Friday, February 12, 2016

On Getting A Security Clearance

A colleague of mine from the old days who, to my amazement, occasionally reads my blog, wanted to make very sure that I knew that there was no way I could ever get a security clearance, not even SECRET.

This disturbed me for reasons that I will explain below, and so I researched the topic to the extent that one can on the Internet, and I am happy to say that he is probably wrong, at least for the reasons that he thought. He might however be right for other reasons and this I will describe below.

You may not consider it interesting to wonder who can and can not get a clearance but I do, even though I have no particular expectation or desire to handle or know classified information. I am, you see, a *fan* of the world of intelligence, I have very little desire to be *in* it. It is a difficult world to be in for reasons we will only touch on here. I much prefer to *speculate* about national security matters than to actually *know* for sure what is going on. Speculation is fun, but actual knowledge implies a very serious responsibility. And the more you are involved the more it will affect your life. 

But if I am to ever work in place like the RAND Corporation again, which is doubtful, one needs to get at least a SECRET clearance, even though you are unlikely to handle SECRET material, and that is how the issue came up. The reasons for this are several, but it is not because one will necessarily be handling SECRET material. In fact, when I worked at RAND in my youth I only once handled SECRET material and that occasion could have been easily avoided. Trust me, it was no big deal. The primary reason for needing a clearance is because you are required to be around people and facility that does or may handle such material, and you need to be able to be in those areas without having an escort by your side at all times. 

So lets get our cards on the table. Some people at RAND thought I did a lot of drugs when I went into computer animation and visual effects. I did not. But I certainly was around quite a few people who did drugs, and I suffered from an undiagnosed disorder which made me appear to the uninitiated as though I was on drugs, i.e. I had severe ADHD which was not being treated. I am not going to go over this in great detail, frankly it bores me, most people already have their minds made up, and most people are not capable of understanding the issues anyway.

But what drugs I did do were minor, and stopped as soon as I got decent medical care, which did not happen in LA, only in NY. IMHO, there is no decent medical care in S. California.

The point is, none of this keeps one from getting a security clearance today. You have to not be doing illegal drugs today, and for several years. And there may be a judgment call here on the part of the investigators about certain aspects of your use at the time. However, there is nothing there that makes me particularly concerned. I used drugs to medicate a medical condition, when it was properly diagnosed and treated, all illegal drugs went away.

But there are other judgment calls that could interfere and I want to mention them to you today.

What they are really looking for with the basic security clearance is a somewhat boring individual who fits in with the system and feels that the system is pretty darn good. If you do not file taxes because you are impoverished, that may not be you. If you think your doctors are only concerned about themselves and money and that the medical system is fundamentally screwed up, that may not be you. If you think that the poor are treated badly in this country and that the legal system and government is designed to exalt the rich and disenfranchise the poor, and that there is gross state-enforced inequality of opportunity, that may not be you.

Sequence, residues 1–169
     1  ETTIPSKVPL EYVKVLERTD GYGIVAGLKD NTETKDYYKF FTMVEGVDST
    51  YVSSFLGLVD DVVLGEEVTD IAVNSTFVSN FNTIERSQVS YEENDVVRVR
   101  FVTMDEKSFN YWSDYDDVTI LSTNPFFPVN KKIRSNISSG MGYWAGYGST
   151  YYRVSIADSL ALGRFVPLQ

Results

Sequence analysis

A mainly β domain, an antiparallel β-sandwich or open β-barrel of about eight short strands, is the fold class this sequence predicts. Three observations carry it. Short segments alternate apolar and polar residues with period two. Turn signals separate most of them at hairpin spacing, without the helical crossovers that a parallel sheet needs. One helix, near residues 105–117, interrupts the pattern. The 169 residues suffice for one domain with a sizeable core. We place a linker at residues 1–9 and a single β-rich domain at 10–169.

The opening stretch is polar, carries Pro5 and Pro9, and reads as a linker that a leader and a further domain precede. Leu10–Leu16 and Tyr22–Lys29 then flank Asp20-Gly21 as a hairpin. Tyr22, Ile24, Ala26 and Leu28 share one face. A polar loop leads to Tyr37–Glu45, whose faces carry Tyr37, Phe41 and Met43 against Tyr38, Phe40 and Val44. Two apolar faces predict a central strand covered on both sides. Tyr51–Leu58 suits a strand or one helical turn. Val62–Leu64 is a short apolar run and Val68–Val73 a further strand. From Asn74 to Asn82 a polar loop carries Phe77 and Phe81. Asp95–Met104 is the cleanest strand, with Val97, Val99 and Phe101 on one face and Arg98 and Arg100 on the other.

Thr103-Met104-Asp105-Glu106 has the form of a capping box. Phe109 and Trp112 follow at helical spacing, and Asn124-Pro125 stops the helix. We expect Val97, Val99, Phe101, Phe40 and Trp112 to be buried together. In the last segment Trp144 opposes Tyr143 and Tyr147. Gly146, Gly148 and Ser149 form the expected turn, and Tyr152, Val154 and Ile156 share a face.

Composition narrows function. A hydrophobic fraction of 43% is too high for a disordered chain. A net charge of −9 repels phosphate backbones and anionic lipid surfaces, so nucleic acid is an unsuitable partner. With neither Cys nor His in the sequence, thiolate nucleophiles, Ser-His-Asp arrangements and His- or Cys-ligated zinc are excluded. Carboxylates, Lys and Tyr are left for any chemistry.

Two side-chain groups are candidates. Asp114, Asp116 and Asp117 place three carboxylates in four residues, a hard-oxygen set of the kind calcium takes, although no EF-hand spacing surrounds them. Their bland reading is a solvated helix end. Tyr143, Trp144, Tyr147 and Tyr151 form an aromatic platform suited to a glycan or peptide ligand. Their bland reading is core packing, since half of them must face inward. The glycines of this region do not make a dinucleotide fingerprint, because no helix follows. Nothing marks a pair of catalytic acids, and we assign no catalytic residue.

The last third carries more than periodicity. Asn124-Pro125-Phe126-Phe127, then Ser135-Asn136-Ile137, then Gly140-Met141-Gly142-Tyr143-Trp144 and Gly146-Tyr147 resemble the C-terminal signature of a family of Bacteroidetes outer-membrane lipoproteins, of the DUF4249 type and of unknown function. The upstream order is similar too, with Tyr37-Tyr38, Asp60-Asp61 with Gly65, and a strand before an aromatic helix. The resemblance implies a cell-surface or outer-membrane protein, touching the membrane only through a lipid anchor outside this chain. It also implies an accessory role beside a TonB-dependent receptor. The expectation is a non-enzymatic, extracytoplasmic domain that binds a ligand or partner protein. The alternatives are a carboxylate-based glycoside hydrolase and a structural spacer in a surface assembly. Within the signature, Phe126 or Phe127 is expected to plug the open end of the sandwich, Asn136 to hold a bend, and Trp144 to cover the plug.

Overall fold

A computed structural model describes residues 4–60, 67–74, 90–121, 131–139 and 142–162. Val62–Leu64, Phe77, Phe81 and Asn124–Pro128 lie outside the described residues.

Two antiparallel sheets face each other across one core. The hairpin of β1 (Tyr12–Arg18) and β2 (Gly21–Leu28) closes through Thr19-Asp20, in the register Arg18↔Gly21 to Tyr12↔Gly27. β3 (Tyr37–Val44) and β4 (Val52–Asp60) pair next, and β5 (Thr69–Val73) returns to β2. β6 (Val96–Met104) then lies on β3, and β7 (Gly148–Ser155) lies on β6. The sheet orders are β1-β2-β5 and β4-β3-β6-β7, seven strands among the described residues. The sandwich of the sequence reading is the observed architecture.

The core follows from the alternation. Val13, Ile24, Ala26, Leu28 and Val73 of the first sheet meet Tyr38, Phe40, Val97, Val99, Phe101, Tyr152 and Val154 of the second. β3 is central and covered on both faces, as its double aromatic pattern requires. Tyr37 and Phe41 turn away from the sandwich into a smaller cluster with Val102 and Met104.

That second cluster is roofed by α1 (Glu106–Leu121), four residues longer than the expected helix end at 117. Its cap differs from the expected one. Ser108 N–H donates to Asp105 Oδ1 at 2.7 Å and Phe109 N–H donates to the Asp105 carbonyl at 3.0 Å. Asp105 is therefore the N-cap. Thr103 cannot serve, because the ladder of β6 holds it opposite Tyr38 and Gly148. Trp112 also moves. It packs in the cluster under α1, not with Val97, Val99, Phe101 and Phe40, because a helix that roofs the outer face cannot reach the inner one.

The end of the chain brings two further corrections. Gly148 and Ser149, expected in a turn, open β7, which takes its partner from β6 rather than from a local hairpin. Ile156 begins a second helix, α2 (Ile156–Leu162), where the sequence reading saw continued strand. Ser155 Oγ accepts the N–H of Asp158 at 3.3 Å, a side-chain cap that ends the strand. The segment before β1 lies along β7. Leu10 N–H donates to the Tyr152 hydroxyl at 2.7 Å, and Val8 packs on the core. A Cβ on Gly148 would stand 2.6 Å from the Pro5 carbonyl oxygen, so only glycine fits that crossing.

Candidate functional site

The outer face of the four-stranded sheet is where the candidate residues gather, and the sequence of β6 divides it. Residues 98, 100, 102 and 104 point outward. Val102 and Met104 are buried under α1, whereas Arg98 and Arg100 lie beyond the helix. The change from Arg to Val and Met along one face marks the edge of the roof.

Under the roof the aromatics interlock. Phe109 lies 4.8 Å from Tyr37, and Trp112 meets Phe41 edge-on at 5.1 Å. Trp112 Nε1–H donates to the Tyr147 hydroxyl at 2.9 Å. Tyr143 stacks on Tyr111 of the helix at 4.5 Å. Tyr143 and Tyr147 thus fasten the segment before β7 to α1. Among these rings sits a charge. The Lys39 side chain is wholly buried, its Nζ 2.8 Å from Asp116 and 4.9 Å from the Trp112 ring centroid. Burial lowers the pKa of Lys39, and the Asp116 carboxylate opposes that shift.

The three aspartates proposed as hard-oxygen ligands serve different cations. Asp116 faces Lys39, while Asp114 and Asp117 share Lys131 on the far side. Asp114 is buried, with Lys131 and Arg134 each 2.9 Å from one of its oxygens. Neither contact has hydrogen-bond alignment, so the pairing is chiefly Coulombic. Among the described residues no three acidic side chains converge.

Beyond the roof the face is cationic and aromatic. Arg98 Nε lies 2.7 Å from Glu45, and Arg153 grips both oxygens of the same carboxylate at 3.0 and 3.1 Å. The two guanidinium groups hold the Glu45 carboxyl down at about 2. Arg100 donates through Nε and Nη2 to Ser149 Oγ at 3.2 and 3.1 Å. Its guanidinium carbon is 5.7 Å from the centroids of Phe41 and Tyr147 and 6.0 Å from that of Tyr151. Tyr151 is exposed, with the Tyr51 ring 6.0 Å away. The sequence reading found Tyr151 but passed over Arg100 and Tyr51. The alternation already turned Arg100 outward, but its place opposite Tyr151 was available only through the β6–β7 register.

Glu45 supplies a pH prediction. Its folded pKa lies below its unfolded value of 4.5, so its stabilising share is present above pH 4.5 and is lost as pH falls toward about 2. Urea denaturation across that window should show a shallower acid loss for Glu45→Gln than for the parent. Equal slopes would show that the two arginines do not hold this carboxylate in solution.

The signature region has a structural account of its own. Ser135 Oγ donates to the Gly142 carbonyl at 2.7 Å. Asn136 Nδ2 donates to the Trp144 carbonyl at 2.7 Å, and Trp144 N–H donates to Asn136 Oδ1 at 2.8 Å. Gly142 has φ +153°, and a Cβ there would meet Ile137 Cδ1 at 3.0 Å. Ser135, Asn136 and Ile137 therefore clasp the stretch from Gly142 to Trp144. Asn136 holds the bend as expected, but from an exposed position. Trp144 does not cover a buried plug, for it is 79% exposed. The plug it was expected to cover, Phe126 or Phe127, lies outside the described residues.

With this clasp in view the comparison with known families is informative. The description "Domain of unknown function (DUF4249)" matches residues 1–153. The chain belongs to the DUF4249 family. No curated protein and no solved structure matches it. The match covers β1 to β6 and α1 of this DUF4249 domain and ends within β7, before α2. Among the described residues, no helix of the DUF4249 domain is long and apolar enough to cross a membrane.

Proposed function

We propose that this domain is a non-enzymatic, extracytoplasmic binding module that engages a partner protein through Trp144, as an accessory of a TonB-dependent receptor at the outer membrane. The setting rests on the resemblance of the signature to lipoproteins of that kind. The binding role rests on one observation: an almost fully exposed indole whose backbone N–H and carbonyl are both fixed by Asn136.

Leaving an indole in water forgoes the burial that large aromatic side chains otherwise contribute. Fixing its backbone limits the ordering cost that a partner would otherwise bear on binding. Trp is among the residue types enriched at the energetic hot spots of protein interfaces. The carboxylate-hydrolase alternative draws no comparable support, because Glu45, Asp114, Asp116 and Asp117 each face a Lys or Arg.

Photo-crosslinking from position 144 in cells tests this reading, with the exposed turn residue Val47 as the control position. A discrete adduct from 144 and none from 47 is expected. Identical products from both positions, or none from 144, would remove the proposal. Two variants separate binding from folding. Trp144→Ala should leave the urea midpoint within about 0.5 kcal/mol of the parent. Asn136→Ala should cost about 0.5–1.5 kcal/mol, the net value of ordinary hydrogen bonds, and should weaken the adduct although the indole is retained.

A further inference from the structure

But the law and regulations on security clearances are not explicit on these points. And theoretically one should not be denied a security clearance for holding a belief that is outside some conservative belief system.

So, am I eligible for a security clearance? Without doubt, I *think* I am. But it is certainly *possible* I could be denied one. It is possible *anyone* could be denied one. And then one would have to appeal.

What would happen if I was suddenly exposed to a classified program that obviously violated the rights of Americans, or violated the law, or was outside the system designed to approve such projects? The answer is that I would work within the system to get such a project changed or terminated. I would not do an unauthorized disclosure under any circumstances. If it were not possible to correct the situation, then I would resign from the project and find something else to do. I think that it is very unlikely that I would ever have to deal with such an issue, however.

To the extent that one can figure out such things by what is published online, I believe that I am eligible for a security clearance.

Besides with the disaster that is or was Ed Snowden, I would think that the whole security clearance system would be up for reconsideration and that they would be much better off with people like me. Just my opinion.

For what that is worth.

1 comment:

  1. Since I wrote this, I have done more reading and think that there may indeed be issues with my getting a security clearance, although it is by no means certain. It has nothing to do with (as everyone imagines) drugs, but has to do with other issues involving whether or not the poor can really qualify for a security clearance.